‘Something better’: In its 33rd year, Black Heritage Festival still teaches life lessons
by Boyace Jajuan Pope
Special to The Star
Feb 10, 2013 | 2278 views |  0 comments | 8 8 recommendations | email to a friend | print
February usually brings two things to mind: love and black history. The two don’t always have the opportunity to intermingle, but for the past 33 years Anniston’s Black Heritage Festival has helped do just that.

Georgia Calhoun, a retired teacher who started the festival in 1980, said she came up with the idea as a way to celebrate African-American history. At the time, Calhoun was the only black member on Anniston’s Museum League Board.

“I believed if one person walked into an open door that he or she could let others in,” Calhoun said. “So this question became my mission: ‘How do I get more blacks to the museum?’ I had a revelation: If I could get the children then I would get the parents.”

The idea of a children’s oratory contest emerged as a way to preserve the work of black authors and poets, she said.

“I could have the kids learn and recite poetry and literary prose and they would be judged on their ability to speak clearly, stand straight, gesture and stay within the confines of the given time limit,” Calhoun said.

That was more than three decades ago, and Calhoun hasn’t looked back. Her sorority sisters of the Iota Mu Omega chapter of Alpha Kappa Alpha Sorority helped her organize the first Black Heritage Festival. The event was held outside and vendors submitted their soul foods to a “tasting bee” that allowed attendees to gather a taste of history-rich food.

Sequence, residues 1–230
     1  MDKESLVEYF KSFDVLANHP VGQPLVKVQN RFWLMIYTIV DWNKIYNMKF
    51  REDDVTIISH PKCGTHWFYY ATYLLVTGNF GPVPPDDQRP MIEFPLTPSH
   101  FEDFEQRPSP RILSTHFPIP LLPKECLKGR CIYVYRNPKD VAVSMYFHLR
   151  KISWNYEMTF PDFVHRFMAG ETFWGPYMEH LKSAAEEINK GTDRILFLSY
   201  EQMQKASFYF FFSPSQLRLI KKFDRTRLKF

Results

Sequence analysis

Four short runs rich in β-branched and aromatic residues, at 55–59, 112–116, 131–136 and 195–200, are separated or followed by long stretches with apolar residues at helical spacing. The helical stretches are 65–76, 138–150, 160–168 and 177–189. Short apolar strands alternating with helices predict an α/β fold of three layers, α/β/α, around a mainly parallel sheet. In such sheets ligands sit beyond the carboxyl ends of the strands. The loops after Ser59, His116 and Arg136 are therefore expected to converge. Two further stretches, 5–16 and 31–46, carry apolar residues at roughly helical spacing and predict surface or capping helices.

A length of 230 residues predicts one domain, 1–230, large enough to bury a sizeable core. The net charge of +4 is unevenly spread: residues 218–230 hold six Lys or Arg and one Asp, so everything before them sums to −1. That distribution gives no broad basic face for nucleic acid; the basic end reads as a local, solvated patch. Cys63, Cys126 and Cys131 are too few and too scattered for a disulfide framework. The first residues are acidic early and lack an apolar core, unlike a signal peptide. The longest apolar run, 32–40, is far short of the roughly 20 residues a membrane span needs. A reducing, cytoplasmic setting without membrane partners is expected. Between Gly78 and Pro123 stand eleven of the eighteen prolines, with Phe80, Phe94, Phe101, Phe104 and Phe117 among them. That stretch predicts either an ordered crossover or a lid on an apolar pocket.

It was considered a huge success, but Calhoun wasn’t satisfied. She began inviting choruses from historically black colleges and universities to participate, and has since hosted choirs from nearly every university in the Southeast.

“I needed the kids to see some discipline and be exposed to something better,” Calhoun said. “That’s what these events are really about, teaching the kids valuable life lessons and giving them high hopes for the future. This festival exposes diamonds — diamonds in the rough, but diamonds.”

Calhoun said the students’ oratory performances are more than just recitation.

“Before they are ever allowed to perform I make them answer these four questions about the piece they have chosen,” she said. “One, who is the speaker? Are they male or female, bound or free? Two, what time is he or she speaking in? Is it summer, winter, spring or fall? Is it slavery or post-slavery? Is it a time of war or a time of peace? Three, where is the author? And four, what is the message being given?”

Contestants range from kindergartners through high-school seniors. Three winners are chosen from each age group, and sponsors provide cash prizes.

This year’s festival will be Saturday, Feb. 16 from 10 a.m.-3 p.m. at the Longleaf Botanical Gardens and will feature music from the Alabama A&M University Chorus. The event is free to attend and food will be available for purchase onsite. Visit www.annistonmuseum.org for more information about the Black Heritage Festival.
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